Thursday, October 13, 2011


I wish I was an every-single-day blogger like my hero Teri Lesesne. Or even three times a week as I have done for a while in the past. But I am not yet quite un-busy enough to get my act together for that. However there are times when nothing fills the bill for me like a blog post so here goes...and I am FARMING OUT THE REST! I had a wonderful response to a question last week and want to share it (with her permission). The question do you help ratchet down the fear that helicopter parents have about their kids? The wise answer was from:

Lisa Hunt, NBCT 2005
School Library Media Specialist
Apple Creek Elementary
Moore, OK

And here is what she said:

Helicopter parents? I combat that in the way I run the library. Our students use self-check-out and it works. Students beginning in 1st grade learn their ID number, type that into the Circ Desk and check out their own books. I have a rug below the Circ Desk keyboard and we have a rule... one person on the rug at a time. I do this to begin lessons on Identity Security. No one needs to see the screen when someone is doing library business. One person on the rug and everyone else waiting patiently in line teaches students that it is wrong and rude to peer over someones shoulder as they conduct business, and society expects us to be able to wait patiently in a line for our own turn. Students need these lessons to do business as adults at an ATM, the Post Office, a bank, or any other place they conduct private business.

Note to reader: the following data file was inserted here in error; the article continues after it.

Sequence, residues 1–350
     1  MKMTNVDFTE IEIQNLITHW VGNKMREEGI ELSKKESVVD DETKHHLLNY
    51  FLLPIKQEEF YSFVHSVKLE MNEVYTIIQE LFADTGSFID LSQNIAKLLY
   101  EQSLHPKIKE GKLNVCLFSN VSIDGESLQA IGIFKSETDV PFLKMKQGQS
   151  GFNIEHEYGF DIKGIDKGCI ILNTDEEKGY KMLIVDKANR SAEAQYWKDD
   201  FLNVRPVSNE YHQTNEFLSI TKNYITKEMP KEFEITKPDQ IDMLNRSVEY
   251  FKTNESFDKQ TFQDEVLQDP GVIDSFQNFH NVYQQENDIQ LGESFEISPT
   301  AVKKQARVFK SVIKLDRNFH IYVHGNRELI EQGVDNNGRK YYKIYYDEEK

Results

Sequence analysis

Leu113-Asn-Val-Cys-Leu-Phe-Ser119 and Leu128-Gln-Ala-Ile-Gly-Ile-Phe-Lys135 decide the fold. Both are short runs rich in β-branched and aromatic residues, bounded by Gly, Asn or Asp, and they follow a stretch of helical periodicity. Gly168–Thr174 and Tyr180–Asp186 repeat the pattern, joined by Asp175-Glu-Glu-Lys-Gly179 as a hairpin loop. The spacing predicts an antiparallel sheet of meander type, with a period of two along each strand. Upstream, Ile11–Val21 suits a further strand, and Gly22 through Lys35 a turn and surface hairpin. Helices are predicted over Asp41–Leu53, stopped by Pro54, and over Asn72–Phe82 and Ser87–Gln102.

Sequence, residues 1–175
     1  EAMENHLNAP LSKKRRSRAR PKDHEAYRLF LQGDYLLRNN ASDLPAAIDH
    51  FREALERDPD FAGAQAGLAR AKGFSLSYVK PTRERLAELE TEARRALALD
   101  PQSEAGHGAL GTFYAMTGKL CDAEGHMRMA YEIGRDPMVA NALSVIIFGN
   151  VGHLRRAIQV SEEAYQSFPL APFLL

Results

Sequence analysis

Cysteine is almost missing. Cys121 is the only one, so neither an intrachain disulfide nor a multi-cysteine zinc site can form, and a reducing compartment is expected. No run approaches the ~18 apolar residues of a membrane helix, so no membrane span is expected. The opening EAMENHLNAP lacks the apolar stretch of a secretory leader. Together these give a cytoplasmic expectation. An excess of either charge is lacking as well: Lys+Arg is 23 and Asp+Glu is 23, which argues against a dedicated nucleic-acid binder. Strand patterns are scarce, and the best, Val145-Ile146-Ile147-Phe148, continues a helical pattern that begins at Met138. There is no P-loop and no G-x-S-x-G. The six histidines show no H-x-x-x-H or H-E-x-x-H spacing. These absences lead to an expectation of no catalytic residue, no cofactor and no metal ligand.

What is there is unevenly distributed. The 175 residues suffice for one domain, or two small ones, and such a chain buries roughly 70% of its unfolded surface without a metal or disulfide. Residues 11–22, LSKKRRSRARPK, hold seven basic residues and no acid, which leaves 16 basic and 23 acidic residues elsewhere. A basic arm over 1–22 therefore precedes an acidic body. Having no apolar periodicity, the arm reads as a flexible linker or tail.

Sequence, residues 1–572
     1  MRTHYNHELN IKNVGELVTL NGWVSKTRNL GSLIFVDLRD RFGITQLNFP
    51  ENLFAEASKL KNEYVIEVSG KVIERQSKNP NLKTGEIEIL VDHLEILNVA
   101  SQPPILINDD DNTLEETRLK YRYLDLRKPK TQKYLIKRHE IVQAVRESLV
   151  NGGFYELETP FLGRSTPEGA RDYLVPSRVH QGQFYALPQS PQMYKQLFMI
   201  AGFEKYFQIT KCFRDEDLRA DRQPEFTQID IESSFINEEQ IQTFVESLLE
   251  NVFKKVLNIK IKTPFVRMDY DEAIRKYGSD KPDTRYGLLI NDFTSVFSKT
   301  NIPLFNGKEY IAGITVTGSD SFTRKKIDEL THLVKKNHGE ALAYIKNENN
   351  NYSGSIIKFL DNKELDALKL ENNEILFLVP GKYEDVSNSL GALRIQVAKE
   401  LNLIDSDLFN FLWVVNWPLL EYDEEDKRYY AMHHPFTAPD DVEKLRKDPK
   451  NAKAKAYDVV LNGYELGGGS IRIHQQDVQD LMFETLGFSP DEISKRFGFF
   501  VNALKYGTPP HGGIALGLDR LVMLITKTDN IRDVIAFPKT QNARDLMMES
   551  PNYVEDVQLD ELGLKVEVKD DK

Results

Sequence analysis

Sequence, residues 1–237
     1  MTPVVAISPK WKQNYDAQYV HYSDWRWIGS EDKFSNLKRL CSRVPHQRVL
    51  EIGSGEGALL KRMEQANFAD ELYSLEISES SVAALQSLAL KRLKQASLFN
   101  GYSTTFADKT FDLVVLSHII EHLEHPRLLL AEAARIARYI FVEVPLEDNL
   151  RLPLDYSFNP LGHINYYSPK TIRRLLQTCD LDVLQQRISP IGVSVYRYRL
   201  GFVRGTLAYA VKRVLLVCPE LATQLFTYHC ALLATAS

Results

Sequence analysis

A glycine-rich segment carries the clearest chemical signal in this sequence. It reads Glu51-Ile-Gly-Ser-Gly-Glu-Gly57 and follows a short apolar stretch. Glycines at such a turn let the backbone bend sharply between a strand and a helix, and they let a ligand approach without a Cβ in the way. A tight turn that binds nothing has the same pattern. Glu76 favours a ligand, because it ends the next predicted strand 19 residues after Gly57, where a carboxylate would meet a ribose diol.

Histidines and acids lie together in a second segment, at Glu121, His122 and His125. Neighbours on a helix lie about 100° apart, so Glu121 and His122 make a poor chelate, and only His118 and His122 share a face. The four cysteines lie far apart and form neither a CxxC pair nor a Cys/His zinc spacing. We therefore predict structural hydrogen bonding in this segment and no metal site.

So, this expectation sets the stage. I also use Skoob the Shelf Elf as part of my library behavior program. His message demonstrates expected library behavior from the students. They work as a class to earn the Golden Shelf Elf certificates that I award (and additional recognitions.) I build cooperation and teamwork among the classmates when they come to the library.

Now, back to those Helicopter Parents. I've watched over the years as parents and some primary teachers are amazed at the behavior our students exhibit in "Their Library." The sense of ownership that students feel is the best part of how I run the library and that is why it works. Recently, our district opened a new elementary school that took 150+_of our students. That faculty "voted" that the librarian or clerk would check out books and there would be no self-check-out. ( I was incensed that my friend who was opening that library would allow the faculty to make such a decision, but she said she was going for unity.) Anyway, many parents (many of them volunteers in that library) complained that students weren't feeling the ownership of their library like "they had at the old school" and it was because they didn't independently check-out books and make their own behavior decisions when they visited the library. That was one year ago, and this year the librarian took back her domain and changed several things.

My point here is that my students learn independence and demonstrate pride in the way they operate in their library. Parents (and there have been many) and even some of my teachers have exclaimed "I love the way you allow students to have this control! It really boost their esteem to do their own business. I never thought my 7 year old was capable of doing something like this without adult help." I even had one teacher new to our building but with 11 years experience (other states and other districts) tell me, "I love the way you run this library. It is the most efficiently run school library I've ever used." For the first time in 5 years I have no assistant this year. Also, know that our district is a flexible scheduling district and library time is not part of the rotation.

Basically, I combat helicopter parent syndrome by building independent information literacy. I tell students in almost every lesson, "You are becoming good consumers of information, and you need these skills to survive!"